Southampton Publick House

A new brewmaster follows tradition while striking out on his own.
Evan Addario_nikokromm_opt

Phil Markowski was a pivotal component of Southampton Publick House. As brewmaster for 16 years, his commitment to producing distinct, flavorful beers in an assortment of styles—with a consistent focus on Belgian and French farmhouse ales—established the produce of the longest active brewery on Long Island as must-tastes. While Markowski earned serious accolades during his tenure from 1996 to 2012, including numerous awards at the industry’s prestigious Great American Beer Festival, a new brewmaster is upholding Southampton Publick House’s pedigree: Evan Addario.

After eight years as assistant brewer, Addario took over following Markowski’s departure to open Two Roads Brewing Company in Stratford, Connecticut, and is applying his mentor’s influence to combine tradition and progression within every batch. Addario has revived Big Brown Ale, an assertively hoppy brown ale that has been unavailable for the past three years, and has released a new version of Espresso Stout with pre-blended gas and, subsequently, a creamier mouthfeel; he is innovative without straying from the previous system. He also plans to reintroduce Double Ice Bock, another Markowski-era favorite, and to develop a new saison for the brewery’s annual Imperial Russian Stout event in 2014. (The latter beer, a full-bodied pour of chocolate and lingering bitterness, has become a paramount release and incites throngs of thirsty devotees every January.) Donald Sullivan, owner of Southampton Publick House, is thrilled with his performance.

“Phil was a great hire and a creative and disciplined brewer who truly lived beer,” says Sullivan. “But Evan is a new set of eyes, and I am completely confident. He’s a great brewer who is pushing us forward into a new era.”

“I pretty much learned everything on the technical side of brewing from Phil,” adds Addario. “I just want to brew what people like to drink.”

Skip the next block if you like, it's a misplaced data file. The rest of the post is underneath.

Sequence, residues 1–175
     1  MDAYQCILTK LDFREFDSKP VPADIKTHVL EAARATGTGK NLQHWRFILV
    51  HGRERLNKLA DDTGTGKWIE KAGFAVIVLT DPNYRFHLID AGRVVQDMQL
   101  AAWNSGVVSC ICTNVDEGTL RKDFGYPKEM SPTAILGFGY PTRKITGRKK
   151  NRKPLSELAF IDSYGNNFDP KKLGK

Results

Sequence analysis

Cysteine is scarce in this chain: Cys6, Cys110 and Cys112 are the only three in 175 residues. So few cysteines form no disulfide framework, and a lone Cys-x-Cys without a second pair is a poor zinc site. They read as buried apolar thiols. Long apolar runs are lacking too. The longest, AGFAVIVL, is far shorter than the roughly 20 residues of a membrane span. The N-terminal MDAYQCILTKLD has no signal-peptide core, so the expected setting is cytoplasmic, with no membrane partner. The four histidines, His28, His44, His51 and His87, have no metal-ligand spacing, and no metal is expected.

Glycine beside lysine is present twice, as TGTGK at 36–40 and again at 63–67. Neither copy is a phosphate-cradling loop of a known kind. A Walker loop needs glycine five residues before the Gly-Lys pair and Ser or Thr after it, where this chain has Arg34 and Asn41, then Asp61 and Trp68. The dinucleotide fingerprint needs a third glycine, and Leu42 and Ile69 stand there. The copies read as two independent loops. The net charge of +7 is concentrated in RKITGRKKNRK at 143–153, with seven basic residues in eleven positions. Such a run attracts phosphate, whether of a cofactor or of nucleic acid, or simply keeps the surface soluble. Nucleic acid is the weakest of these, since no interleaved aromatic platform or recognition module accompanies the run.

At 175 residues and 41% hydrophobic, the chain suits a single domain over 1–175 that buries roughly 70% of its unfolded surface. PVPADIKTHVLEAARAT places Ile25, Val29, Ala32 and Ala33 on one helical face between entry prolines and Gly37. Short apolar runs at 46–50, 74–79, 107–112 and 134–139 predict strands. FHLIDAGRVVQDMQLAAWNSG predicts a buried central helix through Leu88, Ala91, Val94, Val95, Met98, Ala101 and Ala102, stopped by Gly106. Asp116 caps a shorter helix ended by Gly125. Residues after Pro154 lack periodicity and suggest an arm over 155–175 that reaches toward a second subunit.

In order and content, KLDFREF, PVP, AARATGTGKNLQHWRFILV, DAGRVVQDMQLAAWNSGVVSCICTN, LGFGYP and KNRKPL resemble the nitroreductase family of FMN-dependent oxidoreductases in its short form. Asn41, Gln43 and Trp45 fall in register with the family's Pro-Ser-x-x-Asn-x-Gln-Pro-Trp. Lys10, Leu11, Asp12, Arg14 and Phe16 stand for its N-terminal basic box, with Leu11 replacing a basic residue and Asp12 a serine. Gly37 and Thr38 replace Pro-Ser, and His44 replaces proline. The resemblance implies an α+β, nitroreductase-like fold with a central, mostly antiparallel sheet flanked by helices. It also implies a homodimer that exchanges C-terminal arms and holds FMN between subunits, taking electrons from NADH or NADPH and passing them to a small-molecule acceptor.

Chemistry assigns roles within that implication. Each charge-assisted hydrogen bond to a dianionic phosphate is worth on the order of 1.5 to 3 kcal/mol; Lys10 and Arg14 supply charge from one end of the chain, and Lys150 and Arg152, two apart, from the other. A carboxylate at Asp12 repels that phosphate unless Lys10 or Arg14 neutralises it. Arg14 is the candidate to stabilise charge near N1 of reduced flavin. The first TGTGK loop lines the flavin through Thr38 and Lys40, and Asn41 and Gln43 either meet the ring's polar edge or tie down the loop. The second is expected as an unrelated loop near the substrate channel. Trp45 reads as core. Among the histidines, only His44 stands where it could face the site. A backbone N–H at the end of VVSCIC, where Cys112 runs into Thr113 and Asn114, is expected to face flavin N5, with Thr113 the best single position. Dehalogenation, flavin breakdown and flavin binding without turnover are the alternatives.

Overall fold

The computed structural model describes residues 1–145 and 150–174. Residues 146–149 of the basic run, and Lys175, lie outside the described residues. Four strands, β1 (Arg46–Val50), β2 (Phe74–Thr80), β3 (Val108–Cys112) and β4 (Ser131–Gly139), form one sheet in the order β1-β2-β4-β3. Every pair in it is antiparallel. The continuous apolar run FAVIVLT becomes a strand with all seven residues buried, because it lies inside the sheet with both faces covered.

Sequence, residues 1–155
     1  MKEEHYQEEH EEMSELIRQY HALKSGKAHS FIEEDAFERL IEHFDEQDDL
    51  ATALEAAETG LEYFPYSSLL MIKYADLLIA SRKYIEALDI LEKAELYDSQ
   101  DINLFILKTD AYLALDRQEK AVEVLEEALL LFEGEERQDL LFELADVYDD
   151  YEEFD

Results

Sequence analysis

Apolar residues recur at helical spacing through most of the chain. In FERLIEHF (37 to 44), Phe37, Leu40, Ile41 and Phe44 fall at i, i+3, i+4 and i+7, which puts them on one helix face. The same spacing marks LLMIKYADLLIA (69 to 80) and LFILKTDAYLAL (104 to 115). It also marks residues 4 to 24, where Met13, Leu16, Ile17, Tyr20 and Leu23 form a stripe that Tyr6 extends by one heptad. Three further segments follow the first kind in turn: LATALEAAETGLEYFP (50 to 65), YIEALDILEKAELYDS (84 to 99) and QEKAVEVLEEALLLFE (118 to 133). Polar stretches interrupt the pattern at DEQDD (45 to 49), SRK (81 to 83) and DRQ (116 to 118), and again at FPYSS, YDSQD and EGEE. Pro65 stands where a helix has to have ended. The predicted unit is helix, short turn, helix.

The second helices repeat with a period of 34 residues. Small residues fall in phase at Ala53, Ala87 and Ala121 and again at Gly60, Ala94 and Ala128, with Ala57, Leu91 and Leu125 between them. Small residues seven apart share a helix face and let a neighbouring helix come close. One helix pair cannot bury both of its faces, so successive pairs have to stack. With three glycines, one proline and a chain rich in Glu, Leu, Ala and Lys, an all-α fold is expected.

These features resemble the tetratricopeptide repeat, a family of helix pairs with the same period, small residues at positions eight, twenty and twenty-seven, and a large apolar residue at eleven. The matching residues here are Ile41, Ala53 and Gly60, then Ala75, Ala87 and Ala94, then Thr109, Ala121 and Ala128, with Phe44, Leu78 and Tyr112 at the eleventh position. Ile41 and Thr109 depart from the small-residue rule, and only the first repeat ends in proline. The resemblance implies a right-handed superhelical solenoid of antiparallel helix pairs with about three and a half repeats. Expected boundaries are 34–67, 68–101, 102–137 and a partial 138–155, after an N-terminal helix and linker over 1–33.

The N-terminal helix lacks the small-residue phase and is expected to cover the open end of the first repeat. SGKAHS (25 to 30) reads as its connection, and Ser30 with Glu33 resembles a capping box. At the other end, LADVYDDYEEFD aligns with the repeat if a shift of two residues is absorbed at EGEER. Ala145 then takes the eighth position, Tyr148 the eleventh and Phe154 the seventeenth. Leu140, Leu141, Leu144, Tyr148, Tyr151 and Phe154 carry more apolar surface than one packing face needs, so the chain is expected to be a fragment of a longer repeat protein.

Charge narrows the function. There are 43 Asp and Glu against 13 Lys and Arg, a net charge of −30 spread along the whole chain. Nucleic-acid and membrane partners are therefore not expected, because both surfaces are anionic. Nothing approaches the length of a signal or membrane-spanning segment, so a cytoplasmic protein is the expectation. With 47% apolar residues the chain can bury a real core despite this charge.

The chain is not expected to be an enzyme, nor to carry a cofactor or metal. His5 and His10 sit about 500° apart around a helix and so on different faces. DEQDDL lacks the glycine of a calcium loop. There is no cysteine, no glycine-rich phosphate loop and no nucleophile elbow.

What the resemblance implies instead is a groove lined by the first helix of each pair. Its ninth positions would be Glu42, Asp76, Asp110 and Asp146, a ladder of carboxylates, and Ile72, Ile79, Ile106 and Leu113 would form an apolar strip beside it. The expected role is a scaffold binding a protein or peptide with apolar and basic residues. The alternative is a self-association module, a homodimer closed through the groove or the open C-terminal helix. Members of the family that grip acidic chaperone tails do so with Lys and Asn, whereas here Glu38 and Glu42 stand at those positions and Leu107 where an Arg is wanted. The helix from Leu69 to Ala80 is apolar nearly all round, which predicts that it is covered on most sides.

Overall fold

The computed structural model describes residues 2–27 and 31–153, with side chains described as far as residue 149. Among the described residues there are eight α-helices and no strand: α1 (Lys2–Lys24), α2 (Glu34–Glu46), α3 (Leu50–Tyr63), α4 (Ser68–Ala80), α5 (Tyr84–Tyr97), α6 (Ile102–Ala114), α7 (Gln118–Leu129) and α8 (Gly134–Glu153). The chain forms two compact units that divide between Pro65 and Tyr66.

Addario’s transition to brewmaster is not the only significant change for Southampton Publick House. After 13 years with Garal Wholesalers, Ltd., a West Babylon–based beverage distributor, the brewery recently joined Manhattan Beer Distributors to improve its presence in New York markets, including Long Island. (Total Beverage Solution currently handles its national distribution in 22 states.) The switch occurred following new state legislation signed by Governor Andrew Cuomo in 2012, which enables small breweries to sever unsatisfactory and underproducing wholesale contracts. Sullivan, who previously attempted to break ties with Garal Wholesalers and endured “legal fees that almost bankrupted us,” welcomed the new law. He is now prepared, with improved distribution and Addario’s brewing prowess, to expand Southampton Publick House on Long Island and beyond.

“Garal was too small to adequately supply our demand, and our beer was more available in Philadelphia than Long Island,” says Sullivan. “Our product has skyrocketed now, and with Evan’s energy pushing our core mission, this is a new chapter for us.”
Annually, Evan Addario brews 26 beers at Southampton Publick House. He also regularly travels to two contracted facilities—Olde Saratoga Brewing Company in Saratoga Springs, New York, and Susquehanna Brewing Company in Pittston, Pennsylvania—to brew and supervise production.

“It’s a Belgian-style wheat beer with bigger and bolder flavors than the standard model, but still really well balanced. We started brewing it as a summer seasonal, but it got so popular we offer it year-round, and it’s become one of our flagships for the last 15 years. Hints of citrus, lemon and coriander are paired with Belgian yeast esters and a nice bit of carbonation, so it’s easy to drink all year.”

“We haven’t brewed our ESB since 2006. It’s a nice English-style beer that’s not overly hoppy, but still with enough hops to satisfy the IPA drinker. It definitely showcases balance. We use all English hops and malts, and it has a nice dark color.”

“Phil was always the master of the American saison, and we’ve been bottling this for a long time. It’s bone-dry, crisp and effervescent. I’ve always considered it the Champagne of beers. The Saison Dupont yeast strain does wonders for it and provides some nice peppery notes, too.”

“It’s not overly spiced or too pumpkiny, and people love the balance. We use a blend of cinnamon, nutmeg, allspice, and this crazy Bourbon vanilla Madagascar that brings more vanilla aroma and richness than a normal extract. We’ve been using this type of vanilla for the last three years, and I definitely notice a difference in the flavor.”